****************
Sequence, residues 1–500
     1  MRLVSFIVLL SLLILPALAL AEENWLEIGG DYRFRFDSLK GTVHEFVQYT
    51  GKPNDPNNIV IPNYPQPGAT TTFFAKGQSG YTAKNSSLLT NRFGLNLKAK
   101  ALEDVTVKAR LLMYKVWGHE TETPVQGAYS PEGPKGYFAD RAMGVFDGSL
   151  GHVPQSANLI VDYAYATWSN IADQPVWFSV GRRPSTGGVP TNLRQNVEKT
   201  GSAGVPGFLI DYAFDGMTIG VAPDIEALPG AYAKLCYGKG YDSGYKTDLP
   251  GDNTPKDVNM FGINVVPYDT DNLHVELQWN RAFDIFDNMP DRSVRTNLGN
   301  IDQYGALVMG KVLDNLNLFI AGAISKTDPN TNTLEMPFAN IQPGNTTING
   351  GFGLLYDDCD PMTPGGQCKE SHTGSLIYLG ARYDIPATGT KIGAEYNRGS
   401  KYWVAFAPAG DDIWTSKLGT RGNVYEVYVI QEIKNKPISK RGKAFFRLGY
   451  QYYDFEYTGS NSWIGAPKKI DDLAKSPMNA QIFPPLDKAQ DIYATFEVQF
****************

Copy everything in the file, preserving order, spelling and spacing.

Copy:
Sequence, residues 1–500
     1  MRLVSFIVLL SLLILPALAL AEENWLEIGG DYRFRFDSLK GTVHEFVQYT
    51  GKPNDPNNIV IPNYPQPGAT TTFFAKGQSG YTAKNSSLLT NRFGLNLKAK
   101  ALEDVTVKAR LLMYKVWGHE TETPVQGAYS PEGPKGYFAD RAMGVFDGSL
   151  GHVPQSANLI VDYAYATWSN IADQPVWFSV GRRPSTGGVP TNLRQNVEKT
   201  GSAGVPGFLI DYAFDGMTIG VAPDIEALPG AYAKLCYGKG YDSGYKTDLP
   251  GDNTPKDVNM FGINVVPYDT DNLHVELQWN RAFDIFDNMP DRSVRTNLGN
   301  IDQYGALVMG KVLDNLNLFI AGAISKTDPN TNTLEMPFAN IQPGNTTING
   351  GFGLLYDDCD PMTPGGQCKE SHTGSLIYLG ARYDIPATGT KIGAEYNRGS
   401  KYWVAFAPAG DDIWTSKLGT RGNVYEVYVI QEIKNKPISK RGKAFFRLGY
   451  QYYDFEYTGS NSWIGAPKKI DDLAKSPMNA QIFPPLDKAQ DIYATFEVQF